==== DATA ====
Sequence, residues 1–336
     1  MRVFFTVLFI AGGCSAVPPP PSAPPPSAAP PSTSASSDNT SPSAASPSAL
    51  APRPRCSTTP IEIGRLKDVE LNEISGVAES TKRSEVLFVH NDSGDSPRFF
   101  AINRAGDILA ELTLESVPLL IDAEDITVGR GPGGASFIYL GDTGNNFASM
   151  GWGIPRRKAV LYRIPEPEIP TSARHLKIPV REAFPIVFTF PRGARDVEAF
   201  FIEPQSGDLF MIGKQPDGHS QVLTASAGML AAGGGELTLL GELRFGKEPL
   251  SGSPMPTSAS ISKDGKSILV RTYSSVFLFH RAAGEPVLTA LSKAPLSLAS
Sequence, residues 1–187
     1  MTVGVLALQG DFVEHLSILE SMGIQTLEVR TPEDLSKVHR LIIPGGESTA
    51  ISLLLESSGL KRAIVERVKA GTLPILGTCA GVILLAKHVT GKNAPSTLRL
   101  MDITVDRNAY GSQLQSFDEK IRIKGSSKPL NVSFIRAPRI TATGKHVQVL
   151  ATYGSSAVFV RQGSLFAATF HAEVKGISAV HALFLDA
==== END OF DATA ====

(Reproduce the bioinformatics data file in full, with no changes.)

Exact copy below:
Sequence, residues 1–336
     1  MRVFFTVLFI AGGCSAVPPP PSAPPPSAAP PSTSASSDNT SPSAASPSAL
    51  APRPRCSTTP IEIGRLKDVE LNEISGVAES TKRSEVLFVH NDSGDSPRFF
   101  AINRAGDILA ELTLESVPLL IDAEDITVGR GPGGASFIYL GDTGNNFASM
   151  GWGIPRRKAV LYRIPEPEIP TSARHLKIPV REAFPIVFTF PRGARDVEAF
   201  FIEPQSGDLF MIGKQPDGHS QVLTASAGML AAGGGELTLL GELRFGKEPL
   251  SGSPMPTSAS ISKDGKSILV RTYSSVFLFH RAAGEPVLTA LSKAPLSLAS
Sequence, residues 1–187
     1  MTVGVLALQG DFVEHLSILE SMGIQTLEVR TPEDLSKVHR LIIPGGESTA
    51  ISLLLESSGL KRAIVERVKA GTLPILGTCA GVILLAKHVT GKNAPSTLRL
   101  MDITVDRNAY GSQLQSFDEK IRIKGSSKPL NVSFIRAPRI TATGKHVQVL
   151  ATYGSSAVFV RQGSLFAATF HAEVKGISAV HALFLDA